Thyroid hormones play a significant role in glucose homeostasis (Xu et al., 2019). Thyroid hormone functions in the liver, white adipose tissue, skeletal muscle, and pancreas by controlling plasma glucose levels, insulin sensitivity, and carbohydrate metabolism. The reduced activity of mitochondria provides a link between a well-described action of thyroid hormone and a defect in Type 2 diabetes (Tashima et al., 2000). Glycogen is a form of sugar storage in animals. Liver and muscle are the main organs for storing glycogen. Glycogen in muscle is primarily used for muscle contraction, but the glycogen in liver is an important source of blood glucose. Glycogen phosphorylase (Pygl) is a key enzyme in glycogen metabolism (Tashima et al., 2000). In this study, the expression of Pygl was significantly decreased in hypothyroidism rats, which indicated that the source of blood glucose was down-regulated; the reverse effect was detected in the hypo-WD, hypo-VOF, and hypo-OSF groups. Previous studies have established that T3 stimulates gluconeogenesis, especially in the hyperthyroid state, and that hypothyroidism is associated with reduced gluconeogenesis (Comte et al., 1990). Treatment with T4 increases alanine transport into hepatocytes, increasing the production of metabolic intermediates of the gluconeogenic pathway and ultimately the conversion of alanine into glucose (Singh and Snyder, 1978). Evaluation of T3 treatment on target genes in the liver has revealed an increase in the genes regulating glycogenolysis and gluconeogenesis (Feng et al., 2013). Specifically, regulation of phosphoenolpyruvate carboxykinase, the rate-limiting step in gluconeogenesis, is critical for glucose homeostasis and is regulated by TR and CCAAT enhancer-binding protein in the liver (Park et al., 1999). In this study, expression of pyruvate carboxykinase (Pklr), pyruvate carboxylase (Pc), glycogen phosphorylase (Pyg1), and Phosphoglucomutase-1 (Pgm1) were significantly down-regulated in hypothyroidism rats, which indicated that the glycolysis pathway was blocked. Interestingly, expression of these proteins (AMR: Pklr, Pgm1, and Pc; VOF: Pklr, Pgm1, Pyg1, and Pc; CPF: Pklr; OSF: Pklr, Pgm1, Pyg1, and Pc; ATF: Pklr) were significantly up-regulated after treatment of AMR and its fractions. In addition, Pklr was the rate-limiting enzyme in glycolysis (Jia et al., 2019). The increase in the expression of Pklr verified the booster effects of AMR and its fractions on glycolytic flux. These findings indicated that promotion of glycolysis might be one of the mechanisms in AMR treatment for hypothyroidism.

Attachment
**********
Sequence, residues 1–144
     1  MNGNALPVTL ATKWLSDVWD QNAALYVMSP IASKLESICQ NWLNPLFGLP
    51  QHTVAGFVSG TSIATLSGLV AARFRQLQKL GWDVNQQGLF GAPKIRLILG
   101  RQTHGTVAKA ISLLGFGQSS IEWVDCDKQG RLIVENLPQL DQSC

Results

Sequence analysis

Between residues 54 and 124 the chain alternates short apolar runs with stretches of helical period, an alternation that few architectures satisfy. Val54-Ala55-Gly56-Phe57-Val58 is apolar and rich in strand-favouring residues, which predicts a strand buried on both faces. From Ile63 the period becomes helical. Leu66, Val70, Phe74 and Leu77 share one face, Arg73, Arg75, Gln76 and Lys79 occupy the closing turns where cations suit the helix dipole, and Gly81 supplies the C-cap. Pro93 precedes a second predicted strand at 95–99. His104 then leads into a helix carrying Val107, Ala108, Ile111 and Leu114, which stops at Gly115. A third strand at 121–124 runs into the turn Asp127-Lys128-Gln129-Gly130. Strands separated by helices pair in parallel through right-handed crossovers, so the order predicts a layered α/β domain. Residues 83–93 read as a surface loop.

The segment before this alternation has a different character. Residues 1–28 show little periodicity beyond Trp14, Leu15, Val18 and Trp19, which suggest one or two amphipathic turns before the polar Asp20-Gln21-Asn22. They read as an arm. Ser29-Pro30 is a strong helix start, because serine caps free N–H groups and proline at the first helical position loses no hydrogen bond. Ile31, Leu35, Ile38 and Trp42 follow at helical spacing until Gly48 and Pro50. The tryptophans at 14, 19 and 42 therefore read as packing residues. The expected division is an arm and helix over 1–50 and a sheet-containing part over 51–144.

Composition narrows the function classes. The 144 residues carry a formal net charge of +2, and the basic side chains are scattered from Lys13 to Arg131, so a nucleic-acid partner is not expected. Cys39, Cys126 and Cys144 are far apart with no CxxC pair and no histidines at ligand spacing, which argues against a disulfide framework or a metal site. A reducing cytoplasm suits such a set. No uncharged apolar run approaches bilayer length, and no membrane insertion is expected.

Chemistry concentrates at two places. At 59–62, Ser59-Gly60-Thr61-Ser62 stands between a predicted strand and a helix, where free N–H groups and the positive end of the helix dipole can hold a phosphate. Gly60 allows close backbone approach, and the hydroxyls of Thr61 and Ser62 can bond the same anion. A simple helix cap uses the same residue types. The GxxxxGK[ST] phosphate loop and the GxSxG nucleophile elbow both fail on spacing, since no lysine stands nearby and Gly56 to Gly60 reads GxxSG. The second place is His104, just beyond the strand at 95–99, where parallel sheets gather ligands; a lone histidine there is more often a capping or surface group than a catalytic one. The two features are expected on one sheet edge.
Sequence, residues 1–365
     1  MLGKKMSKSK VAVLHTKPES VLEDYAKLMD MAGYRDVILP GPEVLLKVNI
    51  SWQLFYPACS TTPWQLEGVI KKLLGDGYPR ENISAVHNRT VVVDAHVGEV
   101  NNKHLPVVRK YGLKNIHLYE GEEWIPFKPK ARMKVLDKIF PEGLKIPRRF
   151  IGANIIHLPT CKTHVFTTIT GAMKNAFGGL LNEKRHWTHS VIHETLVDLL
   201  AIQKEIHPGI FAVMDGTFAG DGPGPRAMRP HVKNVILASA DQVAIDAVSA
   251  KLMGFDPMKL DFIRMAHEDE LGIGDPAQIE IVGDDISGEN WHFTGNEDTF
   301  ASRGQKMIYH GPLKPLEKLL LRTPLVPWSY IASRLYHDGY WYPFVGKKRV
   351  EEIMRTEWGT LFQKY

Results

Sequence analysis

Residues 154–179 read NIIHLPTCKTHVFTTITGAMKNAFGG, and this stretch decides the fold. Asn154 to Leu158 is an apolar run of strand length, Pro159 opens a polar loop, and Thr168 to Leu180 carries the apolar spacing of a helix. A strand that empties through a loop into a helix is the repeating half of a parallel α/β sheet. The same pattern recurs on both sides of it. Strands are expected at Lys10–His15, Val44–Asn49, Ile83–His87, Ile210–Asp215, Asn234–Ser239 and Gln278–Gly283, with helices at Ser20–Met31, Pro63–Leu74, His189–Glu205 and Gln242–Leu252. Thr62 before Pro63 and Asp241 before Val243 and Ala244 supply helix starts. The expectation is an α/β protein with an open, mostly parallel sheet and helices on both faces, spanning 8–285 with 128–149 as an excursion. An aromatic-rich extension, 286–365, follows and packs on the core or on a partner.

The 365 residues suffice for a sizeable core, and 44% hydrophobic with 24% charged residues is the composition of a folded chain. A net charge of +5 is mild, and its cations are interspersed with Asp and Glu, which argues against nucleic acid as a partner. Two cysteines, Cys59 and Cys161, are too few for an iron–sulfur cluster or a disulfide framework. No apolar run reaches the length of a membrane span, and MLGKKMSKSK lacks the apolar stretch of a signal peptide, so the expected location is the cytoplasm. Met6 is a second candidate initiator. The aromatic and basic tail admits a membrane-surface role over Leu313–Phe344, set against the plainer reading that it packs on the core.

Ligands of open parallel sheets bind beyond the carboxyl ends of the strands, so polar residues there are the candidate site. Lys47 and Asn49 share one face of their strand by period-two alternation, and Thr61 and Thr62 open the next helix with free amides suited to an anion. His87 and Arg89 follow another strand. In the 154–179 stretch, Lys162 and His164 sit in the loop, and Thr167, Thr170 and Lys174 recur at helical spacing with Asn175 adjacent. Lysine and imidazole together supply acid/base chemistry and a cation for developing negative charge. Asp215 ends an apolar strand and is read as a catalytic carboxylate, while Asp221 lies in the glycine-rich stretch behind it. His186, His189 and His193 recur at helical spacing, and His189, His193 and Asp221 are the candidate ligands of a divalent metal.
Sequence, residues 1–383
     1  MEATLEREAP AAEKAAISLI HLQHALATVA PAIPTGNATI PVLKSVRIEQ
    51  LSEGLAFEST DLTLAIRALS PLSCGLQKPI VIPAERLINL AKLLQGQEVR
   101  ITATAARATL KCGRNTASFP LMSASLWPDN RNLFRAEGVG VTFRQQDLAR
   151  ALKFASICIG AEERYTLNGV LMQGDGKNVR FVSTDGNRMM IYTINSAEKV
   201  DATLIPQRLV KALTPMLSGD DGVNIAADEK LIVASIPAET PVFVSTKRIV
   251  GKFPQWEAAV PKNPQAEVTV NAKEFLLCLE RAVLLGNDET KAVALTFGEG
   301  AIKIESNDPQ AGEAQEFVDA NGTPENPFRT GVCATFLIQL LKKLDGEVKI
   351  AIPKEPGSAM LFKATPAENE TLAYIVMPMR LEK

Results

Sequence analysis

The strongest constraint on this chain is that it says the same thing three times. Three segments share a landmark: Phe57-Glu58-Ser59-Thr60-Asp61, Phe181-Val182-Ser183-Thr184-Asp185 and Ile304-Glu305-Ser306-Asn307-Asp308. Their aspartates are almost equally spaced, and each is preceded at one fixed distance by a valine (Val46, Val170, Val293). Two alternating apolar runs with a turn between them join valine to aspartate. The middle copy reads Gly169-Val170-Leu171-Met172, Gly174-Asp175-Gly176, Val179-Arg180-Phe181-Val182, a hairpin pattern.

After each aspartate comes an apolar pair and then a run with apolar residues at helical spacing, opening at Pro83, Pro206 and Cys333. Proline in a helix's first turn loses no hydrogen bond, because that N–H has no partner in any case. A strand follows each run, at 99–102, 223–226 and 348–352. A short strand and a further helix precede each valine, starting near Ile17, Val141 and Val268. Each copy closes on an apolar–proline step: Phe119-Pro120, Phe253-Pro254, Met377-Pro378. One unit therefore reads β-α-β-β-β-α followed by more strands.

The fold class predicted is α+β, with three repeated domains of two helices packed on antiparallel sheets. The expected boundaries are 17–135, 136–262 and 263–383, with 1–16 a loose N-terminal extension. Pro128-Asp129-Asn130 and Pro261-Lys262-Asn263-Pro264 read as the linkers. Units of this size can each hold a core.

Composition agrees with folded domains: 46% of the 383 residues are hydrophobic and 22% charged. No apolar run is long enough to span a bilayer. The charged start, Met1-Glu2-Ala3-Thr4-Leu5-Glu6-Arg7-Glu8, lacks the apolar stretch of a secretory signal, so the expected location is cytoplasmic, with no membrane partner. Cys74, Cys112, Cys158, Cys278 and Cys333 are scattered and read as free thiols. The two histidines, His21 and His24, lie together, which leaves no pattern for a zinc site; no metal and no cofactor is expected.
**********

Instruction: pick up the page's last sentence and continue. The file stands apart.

TCA Cycle Pathway